It’s not hard. Neither is going to the pharmacy or Wal-Mart, but I still buy everything on Amazon to avoid going to these places. My last car was reserved over the phone in < 5 minutes sight unseen. If I know the car I want, I just don’t need the whole process.
Understood. So, is the expectation to stop in, sign paperwork, then pick up the vehicle? Bring your own financing? I suppose you'd like to skip the whole salesperson taking the time to show features of the car (for their CSI score) thing?It’s not hard. Neither is going to the pharmacy or Wal-Mart, but I still buy everything on Amazon to avoid going to these places. My last car was reserved over the phone in < 5 minutes sight unseen.
Are you saying you've already been sold, you don't need to be sold again?If I know the car I want, I just don’t need the whole process.
Point well taken! All I would add is another dealer advantage of customer retention program.It comes down to Cost of Acquisition.
These companies forgot they are a two headed COA monster eating up money like an Excursion consumes gas. Dealers have a number of advantages; (1) Brand/Certified Used (can't buy a new Honda at a Lexus dealership; consumers are seeing higher incentives on new vehicles so why would they buy a used one?), (2) Service (customers keep coming back making it easier to communicate Value Propositions) and (3) Trade-Ins (new vehicle sales brings in used inventory) and there are more...
Beepi,Carvana, Vroom have to deal with COA across (1) Acquiring Inventory and (2) Acquiring a Buyer. Both are extremely expensive. Add to it a multiplier because they are relatively unknown to the general public which means their marketing has to be increased.
NabThat started 4 years ago as a TrueCar like platform (in many different ways) and one of the issues we faced before pivoting the company to help dealers with technology platforms and consumer products was the Cost of Acquisition - It is damn expensive
Without looking at their financials, I assume they are paying well over $500 per acquisition (totaling more than $1,000 in marketing costs per buy/sell of a single vehicle). We are not evening addressing how they are purchasing vehicles (continually decreasing assets). This is a volume game and getting to the volume and making it potentially sustainable would take Billions of $$$$.
Sounds like "Dead man walking"....
Yes. Ideally, just doing that online or at a kiosk. Print the bill of sale and finish it.Understood. So, is the expectation to stop in, sign paperwork, then pick up the vehicle? Bring your own financing? I suppose you'd like to skip the whole salesperson taking the time to show features of the car (for their CSI score) thing?
https://verified.meStreamlining this process online, with just an email, phone number, and maybe a SSN could help. You can look up pretty much anything about a person with an email and phone number. Bring the FastPass to a dealer, they scan it, and a deal sheet is put together. They snap the drivers license and insurance card into their system, car is washed already waiting with a bow on it.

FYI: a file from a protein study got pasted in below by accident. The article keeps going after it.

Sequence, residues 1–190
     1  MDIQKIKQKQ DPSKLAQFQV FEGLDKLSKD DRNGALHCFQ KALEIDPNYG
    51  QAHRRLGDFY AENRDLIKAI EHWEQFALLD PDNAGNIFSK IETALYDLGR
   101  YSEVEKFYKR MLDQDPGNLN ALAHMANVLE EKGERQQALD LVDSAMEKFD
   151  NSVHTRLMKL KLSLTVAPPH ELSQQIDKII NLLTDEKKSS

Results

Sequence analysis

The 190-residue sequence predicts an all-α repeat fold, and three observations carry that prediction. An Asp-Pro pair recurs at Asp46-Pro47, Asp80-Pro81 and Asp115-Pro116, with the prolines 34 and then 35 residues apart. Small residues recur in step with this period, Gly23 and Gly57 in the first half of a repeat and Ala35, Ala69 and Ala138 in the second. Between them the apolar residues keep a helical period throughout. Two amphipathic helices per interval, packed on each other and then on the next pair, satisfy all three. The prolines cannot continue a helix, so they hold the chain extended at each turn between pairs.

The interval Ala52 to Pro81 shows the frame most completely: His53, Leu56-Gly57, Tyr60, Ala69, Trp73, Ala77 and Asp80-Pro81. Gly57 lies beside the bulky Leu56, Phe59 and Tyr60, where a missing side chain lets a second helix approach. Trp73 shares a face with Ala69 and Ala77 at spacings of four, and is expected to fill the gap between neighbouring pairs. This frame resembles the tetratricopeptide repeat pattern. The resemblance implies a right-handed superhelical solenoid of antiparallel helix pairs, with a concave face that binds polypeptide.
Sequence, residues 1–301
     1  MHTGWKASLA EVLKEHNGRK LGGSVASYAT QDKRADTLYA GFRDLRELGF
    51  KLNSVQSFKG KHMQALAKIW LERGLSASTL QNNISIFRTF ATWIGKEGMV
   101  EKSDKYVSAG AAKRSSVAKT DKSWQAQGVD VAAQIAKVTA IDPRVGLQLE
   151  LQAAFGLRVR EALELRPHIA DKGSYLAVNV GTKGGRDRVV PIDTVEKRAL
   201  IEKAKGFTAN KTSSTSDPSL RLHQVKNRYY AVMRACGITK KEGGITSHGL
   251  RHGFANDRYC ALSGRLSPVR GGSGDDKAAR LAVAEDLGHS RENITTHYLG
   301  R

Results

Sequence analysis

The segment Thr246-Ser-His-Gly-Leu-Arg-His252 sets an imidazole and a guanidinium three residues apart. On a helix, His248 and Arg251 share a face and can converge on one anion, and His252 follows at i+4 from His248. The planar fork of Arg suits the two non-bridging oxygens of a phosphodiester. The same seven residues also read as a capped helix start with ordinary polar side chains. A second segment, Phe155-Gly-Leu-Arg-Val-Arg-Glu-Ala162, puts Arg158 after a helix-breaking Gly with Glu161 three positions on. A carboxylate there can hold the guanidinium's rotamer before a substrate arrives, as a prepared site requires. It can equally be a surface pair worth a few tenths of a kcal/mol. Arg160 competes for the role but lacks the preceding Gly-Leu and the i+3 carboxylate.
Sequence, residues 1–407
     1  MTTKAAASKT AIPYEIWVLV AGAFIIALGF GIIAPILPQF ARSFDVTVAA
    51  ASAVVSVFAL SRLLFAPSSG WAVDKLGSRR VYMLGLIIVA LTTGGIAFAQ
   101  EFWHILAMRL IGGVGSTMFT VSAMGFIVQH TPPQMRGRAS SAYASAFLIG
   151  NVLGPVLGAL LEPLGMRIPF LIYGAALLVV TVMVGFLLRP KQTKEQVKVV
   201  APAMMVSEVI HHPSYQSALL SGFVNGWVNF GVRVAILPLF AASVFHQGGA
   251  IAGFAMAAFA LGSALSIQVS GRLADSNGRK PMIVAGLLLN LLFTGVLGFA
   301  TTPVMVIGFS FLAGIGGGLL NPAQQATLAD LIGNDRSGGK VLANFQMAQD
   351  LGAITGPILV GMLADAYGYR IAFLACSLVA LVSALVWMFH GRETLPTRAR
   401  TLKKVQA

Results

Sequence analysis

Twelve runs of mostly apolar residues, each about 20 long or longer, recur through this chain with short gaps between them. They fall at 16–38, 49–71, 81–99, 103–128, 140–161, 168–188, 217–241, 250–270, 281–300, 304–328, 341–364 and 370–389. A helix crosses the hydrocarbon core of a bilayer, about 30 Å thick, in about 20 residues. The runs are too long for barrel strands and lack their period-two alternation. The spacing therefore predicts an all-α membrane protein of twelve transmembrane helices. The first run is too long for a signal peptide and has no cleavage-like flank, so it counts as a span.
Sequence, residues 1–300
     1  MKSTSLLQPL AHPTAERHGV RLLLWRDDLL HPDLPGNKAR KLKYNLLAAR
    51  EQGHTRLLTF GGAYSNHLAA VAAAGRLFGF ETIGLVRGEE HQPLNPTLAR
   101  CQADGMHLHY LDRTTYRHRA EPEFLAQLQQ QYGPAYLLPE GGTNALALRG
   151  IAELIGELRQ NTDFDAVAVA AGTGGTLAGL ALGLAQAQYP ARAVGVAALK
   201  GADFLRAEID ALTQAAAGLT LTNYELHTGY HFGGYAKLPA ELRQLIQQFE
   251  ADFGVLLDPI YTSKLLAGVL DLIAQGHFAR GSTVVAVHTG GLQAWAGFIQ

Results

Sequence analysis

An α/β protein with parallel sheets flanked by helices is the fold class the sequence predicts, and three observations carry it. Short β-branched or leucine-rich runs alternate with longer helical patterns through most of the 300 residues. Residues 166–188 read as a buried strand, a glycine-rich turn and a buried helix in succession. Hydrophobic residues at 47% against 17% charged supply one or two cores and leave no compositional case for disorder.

There's some caveats to work through for sure, but I think it could be a win/win for dealers too. Might even help CSI numbers.
This could also be a compelling product for CRM companies to put together where the FastPass tech is proprietary...
I qualify as a "car guy", both for myself and my peers.Are you saying you've already been sold, you don't need to be sold again?
Many of the more traditional dealerships have been using delivery and pick-up as a customer-service differentiator for ages (while still having to pay sales commissions of 25 to 30 percent). As far as the Vending Machines, they are merely a marketing tactic. Many dealerships have spent millions on showrooms....technology "disruptors" think they can make money by adding costs (like delivery, pick-up and vending machines) to this equation?
Someone failed to take Economics 101 when they were in school.
Obviously noteworthy and interesting perspectives by all. My two cents, this is a marathon not a sprint. Declaring ultimate death or success one quarter at a time is probably foolish.Based on Vroom's & Carvana's news, Ecommerce in auto retail maybe DOA.
Yesterday, @Alexander Lau finds:
Used car site Vroom lays off staff, 25%-50% says source, as it halts Dallas and Indiana operations
https://techcrunch.com/2018/03/05/u...ce-as-it-halts-dallas-and-indiana-operations/Today, Carvana reports:
The layoffs come in the wake of tumultuous times for some of Vroom’s other competitors.
In the UK, both Carspring and Hellocar shut down last year. Shift, meanwhile, laid off staff and paused operations in at least one market, but also eventually raised more funding led by BMW.
Perhaps biggest of all was Beepi, which blew through $150 million in funding before two potential sales fell through and it was sold for parts.
Carvana stock tanks after company reports wider quarterly loss
Shares of Carvana Co. CVNA, -14.35% fell more than 7% late Tuesday after the company reported a wider-than-expected fourth-quarter loss and revenue that also missed expectations. Carvana, a platform for buying used cars online, said it lost $47 million in the quarter, or 45 cents a share, compared with a loss of $36 million, or 26 cents a share, a year ago. Sales rose to $265 million, from $107 million a year ago. Analysts polled by FactSet had expected the company to report a loss of 39 cents a share on sales of $270 million.